False labeling class actions are often mired in debates about how a reasonable consumer would understand a product’s label. In many cases, the fight is centered on what third-party certification marks warrant to reasonable consumers. In Dzielak v. Whirlpool Corporation, — F.4th —, No. 20-2551, 2023 WL 6331102 (3rd Cir. Sept. 29, 2023), the Third Circuit articulated powerful arguments against finding that these marks create broad warranties.
Dzielak concerned the rules and regulations surrounding the EPA’s “Energy Star Program,” a voluntary labeling program administered by the Department of Energy that is designed to promote energy-efficient products to consumers. Under the program, products—such as clothes washers—that pass efficiency tests created by the DOE are eligible to display the “Energy Star” logo, a registered mark owned by the EPA.
Starting in April 2009, Whirlpool sold three clothes washers that were permitted to display the Energy Star logo. In July 2010, however, the DOE issued new guidance on how to measure compliance with its efficiency standards. Whirlpool’s washers underwent months-long recertification testing under the new method, but they were unable to meet the DOE’s standards. The DOE permitted Whirlpool to continue to use the Energy Star logo until February 2011, but Whirlpool instead chose to discontinue its three washers.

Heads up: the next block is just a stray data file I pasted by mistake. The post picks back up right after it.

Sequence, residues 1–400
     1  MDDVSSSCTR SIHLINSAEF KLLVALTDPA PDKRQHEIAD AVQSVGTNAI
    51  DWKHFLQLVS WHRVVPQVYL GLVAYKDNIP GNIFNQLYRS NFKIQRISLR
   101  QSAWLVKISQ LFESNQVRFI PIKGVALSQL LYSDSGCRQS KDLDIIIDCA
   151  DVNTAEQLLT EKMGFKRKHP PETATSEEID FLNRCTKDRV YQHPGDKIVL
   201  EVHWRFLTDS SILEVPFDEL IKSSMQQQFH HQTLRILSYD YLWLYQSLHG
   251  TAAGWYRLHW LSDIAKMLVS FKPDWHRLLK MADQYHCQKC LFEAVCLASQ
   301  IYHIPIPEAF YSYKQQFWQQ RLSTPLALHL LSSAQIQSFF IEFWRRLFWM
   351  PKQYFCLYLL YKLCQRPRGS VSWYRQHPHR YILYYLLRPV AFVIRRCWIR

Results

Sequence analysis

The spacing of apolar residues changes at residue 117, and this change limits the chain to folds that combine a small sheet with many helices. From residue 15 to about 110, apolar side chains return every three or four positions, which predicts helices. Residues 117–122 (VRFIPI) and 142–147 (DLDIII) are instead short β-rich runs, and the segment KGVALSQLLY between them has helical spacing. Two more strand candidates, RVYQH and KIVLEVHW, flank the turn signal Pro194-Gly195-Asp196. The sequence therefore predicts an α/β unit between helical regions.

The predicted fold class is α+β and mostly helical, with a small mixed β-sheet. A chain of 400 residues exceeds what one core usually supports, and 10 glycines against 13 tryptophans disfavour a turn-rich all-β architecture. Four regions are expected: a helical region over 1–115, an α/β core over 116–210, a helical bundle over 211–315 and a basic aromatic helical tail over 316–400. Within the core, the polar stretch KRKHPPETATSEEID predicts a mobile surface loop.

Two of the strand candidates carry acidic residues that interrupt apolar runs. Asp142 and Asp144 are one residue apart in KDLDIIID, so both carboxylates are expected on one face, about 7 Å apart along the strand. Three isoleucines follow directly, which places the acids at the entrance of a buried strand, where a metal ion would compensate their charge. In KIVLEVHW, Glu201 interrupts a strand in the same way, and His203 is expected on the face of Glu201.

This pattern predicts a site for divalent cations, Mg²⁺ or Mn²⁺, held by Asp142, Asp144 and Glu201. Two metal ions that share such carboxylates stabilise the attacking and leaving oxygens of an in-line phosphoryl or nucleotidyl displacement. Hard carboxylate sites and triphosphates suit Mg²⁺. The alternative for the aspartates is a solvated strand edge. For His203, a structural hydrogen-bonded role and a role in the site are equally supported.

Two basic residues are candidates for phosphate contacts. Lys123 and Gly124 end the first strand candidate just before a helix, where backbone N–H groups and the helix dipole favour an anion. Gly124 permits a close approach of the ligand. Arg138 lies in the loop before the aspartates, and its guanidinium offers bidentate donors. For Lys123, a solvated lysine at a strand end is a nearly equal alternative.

In 2012, purchasers of the three models filed a class action lawsuit against Whirlpool and several retailers for violating state consumer-protection statutes and breaching various warranties. The plaintiffs alleged that Whirlpool’s use of the Energy Star logo misled them into believing that the washers satisfied the Energy Star Program’s standards under the July 2010 testing method.
On appeal, the Third Circuit grappled with what type of warranty the Energy Star logo creates. Without formally deciding, the Court favored the narrowest theory: the use of the logo indicated only that the EPA and the DOE authorized Whirlpool to use the mark. The Court was skeptical that the logo warranted that the washers met the DOE’s standards under a specific testing method because nothing in the record suggested that ordinary consumers possessed a deep technical understanding of the DOE’s test procedures. The Court was likewise unconvinced that the logo told consumers that the washers were more energy efficient than most items sold in the same category, as that reading would render authorized users of a certification mark liable for the mark owner’s wrongful approval, contravening federal trademark law.
Ultimately, the Court did not decide which theory to adopt because all three supported the denial of the plaintiffs’ claims. Whirlpool was authorized to use the Energy Star mark for the entire life of the washers, the washers were in fact more energy efficient than most items sold in the same category, and the DOE did not formally complete recertification testing until after Whirlpool discontinued the three models.
Although the Third Circuit did not formally decide which warranty theory to adopt, Dzielak provides powerful arguments against broad warranty theories based on third party certification. Defendants facing similar claims should therefore strongly consider raising these arguments.